So what was it about the goldfinch that warranted its inclusion in these paintings? The answer lies in the bird’s plumage and lifestyle, which had produced in the medieval mind powerful symbolic associations. What mattered for the artists was not ornithological accuracy but the bird’s symbolic or allegorical meaning. When depicted with Our Lord as a Child, the goldfinch associated the Incarnation with the Passion.
|Paolo Veronese (+1588)|
|Joos van Cleve (+1540)|
Through its association with thistles, the goldfinch came to be seen as a good-luck charm, ‘warding off contagion and bestowing symbolic health both upon those who viewed it and upon the person who owned it’. Thus the goldfinch came to be a symbol of endurance, and in the case of paintings of the Madonna and Child, this symbolism was an allegory of the salvation Christ would bring through his sacrifice.
|Giovanni Tiepolo (+1770) Detail|
|Lorenzo Veneziano (+1372)|
Since the early medieval period, the finch was thought to have the gift of healing sight. It was said that a finch could cure a person’s disease just by looking at him or her. The artists gave us Christ with a symbol not only of his eventual suffering and sacrifice, but also the healing power, presented in both physical and spiritual terms, of that sacrifice.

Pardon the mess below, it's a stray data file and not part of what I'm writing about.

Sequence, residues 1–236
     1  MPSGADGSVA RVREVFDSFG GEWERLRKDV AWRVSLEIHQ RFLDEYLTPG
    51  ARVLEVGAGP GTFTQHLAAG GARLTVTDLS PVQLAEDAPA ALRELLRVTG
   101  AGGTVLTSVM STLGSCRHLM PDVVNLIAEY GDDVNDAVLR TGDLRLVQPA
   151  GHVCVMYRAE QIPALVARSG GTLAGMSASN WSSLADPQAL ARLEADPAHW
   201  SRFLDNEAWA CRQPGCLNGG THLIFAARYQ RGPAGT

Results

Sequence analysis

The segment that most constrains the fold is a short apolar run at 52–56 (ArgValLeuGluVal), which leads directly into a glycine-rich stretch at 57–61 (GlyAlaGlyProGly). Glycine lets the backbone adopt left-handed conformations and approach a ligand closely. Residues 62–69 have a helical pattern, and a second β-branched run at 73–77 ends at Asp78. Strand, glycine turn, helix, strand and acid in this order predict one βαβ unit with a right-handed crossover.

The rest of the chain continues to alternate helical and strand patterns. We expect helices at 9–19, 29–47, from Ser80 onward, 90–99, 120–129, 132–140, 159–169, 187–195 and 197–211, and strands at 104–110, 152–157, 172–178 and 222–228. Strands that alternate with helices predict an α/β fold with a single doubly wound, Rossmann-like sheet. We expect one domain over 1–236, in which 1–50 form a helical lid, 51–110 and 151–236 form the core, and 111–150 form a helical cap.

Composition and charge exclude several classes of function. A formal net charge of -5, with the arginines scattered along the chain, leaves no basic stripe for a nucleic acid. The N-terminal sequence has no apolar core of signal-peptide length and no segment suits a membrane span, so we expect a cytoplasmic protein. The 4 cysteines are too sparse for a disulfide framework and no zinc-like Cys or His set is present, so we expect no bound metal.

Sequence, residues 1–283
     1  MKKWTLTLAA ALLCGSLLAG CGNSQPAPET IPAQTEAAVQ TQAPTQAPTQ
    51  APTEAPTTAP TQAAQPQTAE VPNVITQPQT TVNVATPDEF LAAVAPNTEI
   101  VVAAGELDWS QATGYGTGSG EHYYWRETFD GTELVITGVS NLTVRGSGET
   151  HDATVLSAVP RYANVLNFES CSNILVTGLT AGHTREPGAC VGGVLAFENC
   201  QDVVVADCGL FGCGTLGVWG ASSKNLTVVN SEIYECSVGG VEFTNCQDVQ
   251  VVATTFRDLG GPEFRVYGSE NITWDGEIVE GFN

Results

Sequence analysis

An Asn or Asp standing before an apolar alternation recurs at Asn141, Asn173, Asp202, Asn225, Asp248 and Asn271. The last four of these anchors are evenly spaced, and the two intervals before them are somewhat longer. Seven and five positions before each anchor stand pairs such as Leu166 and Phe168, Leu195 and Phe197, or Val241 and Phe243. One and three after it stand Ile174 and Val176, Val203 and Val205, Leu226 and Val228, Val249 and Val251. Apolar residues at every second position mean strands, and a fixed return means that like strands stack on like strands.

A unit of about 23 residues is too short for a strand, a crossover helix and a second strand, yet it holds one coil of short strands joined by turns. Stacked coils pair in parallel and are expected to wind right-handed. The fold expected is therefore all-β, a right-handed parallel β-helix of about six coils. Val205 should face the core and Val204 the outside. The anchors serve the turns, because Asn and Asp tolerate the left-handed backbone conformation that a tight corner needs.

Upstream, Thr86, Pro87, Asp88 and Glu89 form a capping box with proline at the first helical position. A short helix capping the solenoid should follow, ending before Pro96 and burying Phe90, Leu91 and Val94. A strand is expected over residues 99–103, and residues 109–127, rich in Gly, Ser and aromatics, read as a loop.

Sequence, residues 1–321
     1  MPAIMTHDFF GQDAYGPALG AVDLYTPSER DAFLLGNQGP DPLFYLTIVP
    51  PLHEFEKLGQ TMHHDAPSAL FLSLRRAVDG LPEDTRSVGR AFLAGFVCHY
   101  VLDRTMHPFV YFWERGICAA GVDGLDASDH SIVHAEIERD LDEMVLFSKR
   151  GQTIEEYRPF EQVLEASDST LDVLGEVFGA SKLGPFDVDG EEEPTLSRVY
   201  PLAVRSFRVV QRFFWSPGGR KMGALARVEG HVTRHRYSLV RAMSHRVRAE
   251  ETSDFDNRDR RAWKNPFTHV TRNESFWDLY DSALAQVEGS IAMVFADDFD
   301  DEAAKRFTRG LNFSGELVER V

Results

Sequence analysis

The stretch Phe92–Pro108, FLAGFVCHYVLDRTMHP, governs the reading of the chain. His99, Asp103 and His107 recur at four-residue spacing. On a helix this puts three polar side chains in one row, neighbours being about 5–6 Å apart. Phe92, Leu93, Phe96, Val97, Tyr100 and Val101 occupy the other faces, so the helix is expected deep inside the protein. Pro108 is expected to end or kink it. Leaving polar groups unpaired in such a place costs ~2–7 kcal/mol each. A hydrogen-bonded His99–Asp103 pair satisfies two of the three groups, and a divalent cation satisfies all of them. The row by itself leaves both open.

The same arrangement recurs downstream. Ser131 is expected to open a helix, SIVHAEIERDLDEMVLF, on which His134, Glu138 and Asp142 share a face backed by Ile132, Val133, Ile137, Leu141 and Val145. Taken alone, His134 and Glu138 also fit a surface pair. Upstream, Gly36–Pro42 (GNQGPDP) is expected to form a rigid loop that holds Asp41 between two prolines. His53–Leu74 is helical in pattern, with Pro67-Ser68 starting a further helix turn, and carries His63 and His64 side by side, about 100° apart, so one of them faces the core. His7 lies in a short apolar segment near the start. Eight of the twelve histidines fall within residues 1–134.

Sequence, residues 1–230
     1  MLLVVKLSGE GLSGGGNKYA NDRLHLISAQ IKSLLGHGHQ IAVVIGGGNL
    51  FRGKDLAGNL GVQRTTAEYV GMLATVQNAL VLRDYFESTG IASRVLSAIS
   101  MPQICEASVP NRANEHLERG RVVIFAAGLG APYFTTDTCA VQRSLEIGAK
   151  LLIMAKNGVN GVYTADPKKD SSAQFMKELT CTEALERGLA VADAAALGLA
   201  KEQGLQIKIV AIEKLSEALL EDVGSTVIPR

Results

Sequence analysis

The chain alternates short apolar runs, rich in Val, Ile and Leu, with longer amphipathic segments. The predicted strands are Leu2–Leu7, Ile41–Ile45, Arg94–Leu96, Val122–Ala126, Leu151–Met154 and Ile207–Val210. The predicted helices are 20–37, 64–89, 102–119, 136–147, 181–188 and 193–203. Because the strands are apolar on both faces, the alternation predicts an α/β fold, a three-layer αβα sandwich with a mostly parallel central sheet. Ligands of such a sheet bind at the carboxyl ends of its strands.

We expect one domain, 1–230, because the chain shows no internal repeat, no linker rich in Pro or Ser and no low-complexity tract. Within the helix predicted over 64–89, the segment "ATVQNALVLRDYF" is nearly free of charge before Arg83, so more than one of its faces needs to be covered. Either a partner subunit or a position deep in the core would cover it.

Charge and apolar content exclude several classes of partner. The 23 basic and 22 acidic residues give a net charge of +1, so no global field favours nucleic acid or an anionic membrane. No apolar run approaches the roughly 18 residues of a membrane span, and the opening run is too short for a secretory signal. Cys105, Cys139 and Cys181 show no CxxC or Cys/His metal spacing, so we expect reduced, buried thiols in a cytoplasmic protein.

|Guercino- early 1600s|
It is estimated that nearly 500 paintings in this period included the goldfinch, which often occupied a central place in the composition, perched on the Virgin Mary’s fingers or nestled in Christ’s hands.
The goldfinch paintings were attributed to 254 artists, 214 of them Italian.
Some of the most famous artists to make use of the theme were Leonardo da Vinci, Raphael, Zurbarán, and Tiepolo. One of my favorites is Guercino's "Madonna and Child with Escaped Goldfinch". I can find no explanation of the artist's deviation from the tradition of Madonna or Child holding the bird. Is the escape to represent the finch's relieving Christ of the sufferings to come, a sign of His Resurrection or relief of our own sufferings? In a16th C. German painting we see the goldfinches sitting on the fence behind the Madonna and Child. Another interesting, but rare setting for the bird.
|Vittore Crivelli (+1502)|
|16th C. German|
As seen by the paintings below, all 21 C., the theme has not died out, though is much less common today. However, this bird is a good reminder to us of endurance, fruitfulness, and persistence, and in the end, hope of life eternal.
|Brian Whalen- 21 C. English|
|Fr. John Guiliani- USA|